Heather Nauert, President Donald Trump’s pick to be the country’s next ambassador to the United Nations, abruptly withdrew herself from consideration for the job over the weekend.
In a statement Saturday, Nauert, who previously served as the top spokesperson for the State Department, said that “the past two months have been grueling for my family and therefore it is in the best interest of my family that I withdraw my name from consideration.”
Trump tapped Nauert for the role back in December, but he never officially submitted her nomination to the Senate so lawmakers could begin the process of confirming her — leading many to wonder what was taking him so long and whether her nomination had hit some sort of snag.
That seems to be exactly what happened: According to Bloomberg, shortly after Trump picked her, the White House reportedly became aware that Nauert had employed a nanny who was in the US legally, but didn’t have authorization to work.
Nauert and her husband employed the nanny 10 years ago, and paid her in cash, according to the Washington Post. They later discovered the nanny hadn’t paid taxes, and asked that she do so, per the Post.
Nauert was already facing what could have been a tough confirmation hearing given her limited foreign policy background. Nauert worked as Fox News host and correspondent for more than a decade before joining the State Department as its spokesperson in April 2017.
But this latest development about the status of her former nanny would likely have complicated things even more, particularly given Trump’s immigration policies and his recent declaration of a national emergency to build a wall on the southern border.
The State Department didn’t acknowledge the nanny controversy directly, but in a statement about Nauert’s decision, Secretary of State Mike Pompeo seemed to imply that she wouldn’t be returning to her old job or back to the department in any capacity.
“Heather Nauert has performed her duties as a senior member of my team with unequalled excellence. Her personal decision today to withdraw her name from consideration to become the nominee for United States Ambassador to the United Nations is a decision for which I have great respect,” Pompeo said in a statement released Saturday.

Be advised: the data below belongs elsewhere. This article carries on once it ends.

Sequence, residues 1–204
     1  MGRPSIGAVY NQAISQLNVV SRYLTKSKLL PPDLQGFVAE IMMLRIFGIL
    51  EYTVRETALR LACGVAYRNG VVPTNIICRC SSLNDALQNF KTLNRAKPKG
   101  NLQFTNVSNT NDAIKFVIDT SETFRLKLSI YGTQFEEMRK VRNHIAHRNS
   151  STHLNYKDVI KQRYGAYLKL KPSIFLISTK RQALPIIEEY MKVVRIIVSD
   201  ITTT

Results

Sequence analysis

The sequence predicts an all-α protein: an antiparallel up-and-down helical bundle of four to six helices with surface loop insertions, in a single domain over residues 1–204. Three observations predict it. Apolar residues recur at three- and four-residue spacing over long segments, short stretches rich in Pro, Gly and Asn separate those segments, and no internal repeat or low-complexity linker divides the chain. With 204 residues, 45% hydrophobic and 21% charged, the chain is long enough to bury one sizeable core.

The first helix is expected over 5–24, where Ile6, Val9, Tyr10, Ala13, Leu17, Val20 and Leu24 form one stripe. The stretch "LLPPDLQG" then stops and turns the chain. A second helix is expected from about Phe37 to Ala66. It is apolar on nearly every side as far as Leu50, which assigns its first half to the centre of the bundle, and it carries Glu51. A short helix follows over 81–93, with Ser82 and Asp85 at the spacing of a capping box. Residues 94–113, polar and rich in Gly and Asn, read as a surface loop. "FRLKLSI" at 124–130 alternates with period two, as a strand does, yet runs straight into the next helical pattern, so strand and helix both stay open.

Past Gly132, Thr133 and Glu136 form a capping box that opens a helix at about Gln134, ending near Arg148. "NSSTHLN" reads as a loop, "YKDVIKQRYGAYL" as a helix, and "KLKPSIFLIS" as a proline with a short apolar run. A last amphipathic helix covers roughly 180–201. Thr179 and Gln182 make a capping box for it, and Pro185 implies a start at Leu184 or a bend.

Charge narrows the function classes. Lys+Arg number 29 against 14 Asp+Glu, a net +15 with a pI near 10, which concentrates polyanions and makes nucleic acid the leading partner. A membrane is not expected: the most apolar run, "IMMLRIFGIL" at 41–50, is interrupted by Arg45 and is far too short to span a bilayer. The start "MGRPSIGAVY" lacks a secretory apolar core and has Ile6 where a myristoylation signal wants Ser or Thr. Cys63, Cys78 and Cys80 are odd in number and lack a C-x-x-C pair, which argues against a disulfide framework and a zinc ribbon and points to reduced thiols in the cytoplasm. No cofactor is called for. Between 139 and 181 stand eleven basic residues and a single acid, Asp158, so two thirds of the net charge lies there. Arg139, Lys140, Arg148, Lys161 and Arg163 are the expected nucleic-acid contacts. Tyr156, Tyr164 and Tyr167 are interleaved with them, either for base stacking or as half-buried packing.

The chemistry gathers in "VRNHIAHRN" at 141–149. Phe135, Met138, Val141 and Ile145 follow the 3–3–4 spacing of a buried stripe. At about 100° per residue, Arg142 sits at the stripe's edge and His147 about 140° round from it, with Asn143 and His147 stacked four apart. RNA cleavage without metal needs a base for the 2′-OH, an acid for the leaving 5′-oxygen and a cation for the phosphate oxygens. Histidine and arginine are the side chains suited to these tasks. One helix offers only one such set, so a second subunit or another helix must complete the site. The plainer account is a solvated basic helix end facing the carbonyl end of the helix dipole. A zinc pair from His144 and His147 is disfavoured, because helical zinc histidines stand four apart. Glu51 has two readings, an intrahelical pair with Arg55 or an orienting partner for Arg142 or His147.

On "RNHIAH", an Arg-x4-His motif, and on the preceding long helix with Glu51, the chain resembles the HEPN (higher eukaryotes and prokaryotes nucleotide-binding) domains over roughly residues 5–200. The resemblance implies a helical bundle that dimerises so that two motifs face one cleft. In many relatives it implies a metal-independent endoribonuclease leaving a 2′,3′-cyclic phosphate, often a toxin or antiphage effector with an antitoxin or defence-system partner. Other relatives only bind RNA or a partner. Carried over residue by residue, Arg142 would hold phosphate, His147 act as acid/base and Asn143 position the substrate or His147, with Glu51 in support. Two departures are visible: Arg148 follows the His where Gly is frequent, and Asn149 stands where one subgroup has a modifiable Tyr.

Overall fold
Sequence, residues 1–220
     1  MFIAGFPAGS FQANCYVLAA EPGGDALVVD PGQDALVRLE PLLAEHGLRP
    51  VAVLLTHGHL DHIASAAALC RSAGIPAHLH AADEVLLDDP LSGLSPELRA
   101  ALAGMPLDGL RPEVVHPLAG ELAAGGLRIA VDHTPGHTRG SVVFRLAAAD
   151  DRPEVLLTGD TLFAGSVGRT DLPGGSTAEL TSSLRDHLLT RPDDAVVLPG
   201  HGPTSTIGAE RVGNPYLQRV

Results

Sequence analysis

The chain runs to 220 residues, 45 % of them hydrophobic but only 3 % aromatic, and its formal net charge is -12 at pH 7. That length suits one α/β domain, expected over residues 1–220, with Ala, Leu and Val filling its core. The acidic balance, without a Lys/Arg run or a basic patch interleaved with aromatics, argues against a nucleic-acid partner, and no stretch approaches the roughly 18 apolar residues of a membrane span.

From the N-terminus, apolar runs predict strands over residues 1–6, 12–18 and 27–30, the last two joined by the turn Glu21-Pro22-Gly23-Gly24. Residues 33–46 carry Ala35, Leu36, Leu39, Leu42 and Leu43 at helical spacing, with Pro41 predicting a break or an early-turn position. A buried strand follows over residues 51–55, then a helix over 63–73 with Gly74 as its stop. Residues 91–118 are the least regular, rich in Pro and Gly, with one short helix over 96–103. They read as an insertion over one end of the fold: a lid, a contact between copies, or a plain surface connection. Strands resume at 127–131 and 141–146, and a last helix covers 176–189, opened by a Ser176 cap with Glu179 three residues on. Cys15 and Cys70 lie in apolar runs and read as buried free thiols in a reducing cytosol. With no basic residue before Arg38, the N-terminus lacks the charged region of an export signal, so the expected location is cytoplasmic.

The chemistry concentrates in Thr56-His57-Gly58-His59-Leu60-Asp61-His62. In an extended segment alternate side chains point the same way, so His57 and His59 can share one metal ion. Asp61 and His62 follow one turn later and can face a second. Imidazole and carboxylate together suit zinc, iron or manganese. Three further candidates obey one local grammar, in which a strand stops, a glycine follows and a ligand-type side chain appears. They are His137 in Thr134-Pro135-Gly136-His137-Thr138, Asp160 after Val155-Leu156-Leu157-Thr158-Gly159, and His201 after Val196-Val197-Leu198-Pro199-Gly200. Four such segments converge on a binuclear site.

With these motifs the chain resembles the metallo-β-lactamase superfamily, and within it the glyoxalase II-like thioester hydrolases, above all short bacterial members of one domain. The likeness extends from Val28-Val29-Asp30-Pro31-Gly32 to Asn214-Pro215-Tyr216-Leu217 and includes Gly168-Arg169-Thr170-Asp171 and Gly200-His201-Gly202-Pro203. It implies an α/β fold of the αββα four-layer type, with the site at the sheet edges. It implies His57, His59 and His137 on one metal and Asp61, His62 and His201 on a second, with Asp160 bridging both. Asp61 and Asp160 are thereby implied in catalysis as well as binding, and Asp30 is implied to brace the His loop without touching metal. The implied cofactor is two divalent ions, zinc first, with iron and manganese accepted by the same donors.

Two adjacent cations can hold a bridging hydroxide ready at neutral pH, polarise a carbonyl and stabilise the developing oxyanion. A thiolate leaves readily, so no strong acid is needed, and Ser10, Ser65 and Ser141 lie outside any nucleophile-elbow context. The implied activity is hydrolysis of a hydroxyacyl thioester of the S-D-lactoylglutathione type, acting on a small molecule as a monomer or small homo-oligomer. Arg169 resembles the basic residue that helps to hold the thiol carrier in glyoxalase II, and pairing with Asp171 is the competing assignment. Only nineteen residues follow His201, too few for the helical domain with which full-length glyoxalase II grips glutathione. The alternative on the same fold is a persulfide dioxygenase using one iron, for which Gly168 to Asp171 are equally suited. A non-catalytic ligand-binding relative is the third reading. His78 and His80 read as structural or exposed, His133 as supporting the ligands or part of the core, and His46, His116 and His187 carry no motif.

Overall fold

“I wish Heather nothing but the best in all of her future endeavors and know that she will continue to be a great representative of this nation in whatever role she finds herself,” he added.
Nauert is out. Who’s next?
Nauert’s decision to withdraw herself from consideration means that Trump will have to make a new pick for UN ambassador. But the job had reportedly been a tough sell even before Trump officially announced Nauert last year, about two months after then-Ambassador Nikki Haley had announced her decision to step down.
According to the New York Times, Nauert had initially turned down the post, but the president pushed her to accept. Other contenders, including former Deputy National Security Adviser Dina Powell, had also reportedly rejected the administration’s overtures.
A few names have floated to the top as possible candidates, including some who were considered the first time around. Richard Grenell, the current US ambassador to Germany, is one. Grenell is a right-wing firebrand and once the longest-serving US official at the UN during George W. Bush’s administration.
But Grenell has been mired in controversy in his current role over comments he made about empowering conservatives in Germany, which were seen as a direct rebuke of Chancellor Angela Merkel’s government. He’s apparently considered toxic in Germany, where he’s largely shunned by the diplomatic community — not a great sign for someone who will need to meet with leaders from around the globe as UN ambassador.
Another potential candidate is Kelly Craft, the current US ambassador to Canada. Craft has long been a major donor to Republican candidates; in 2016 she donated more than $260,000 to Trump’s campaign. She previously served as part of the US delegation to the UN under George W. Bush.
Craft got herself into a bit of trouble at the start of her tenure in Canada over comments she made about climate change, in which she said there were “good scientists on both sides” of the climate debate during an interview with a Canadian news outlet in 2017.
So Trump might once again have a tough time trying to find someone to take the UN ambassador post.
The role of UN ambassador is currently held by an acting official, Jonathan R. Cohen, a career diplomat who became Haley’s deputy in June 2018 after being unanimously confirmed by the Senate.
Cohen is more than qualified for the post, but he likely doesn’t have the direct line to White House that Haley had, so there’s been some concern among UN observers that he’ll largely be sidelined by the administration. And now it looks like he’ll be in the job for quite a bit longer.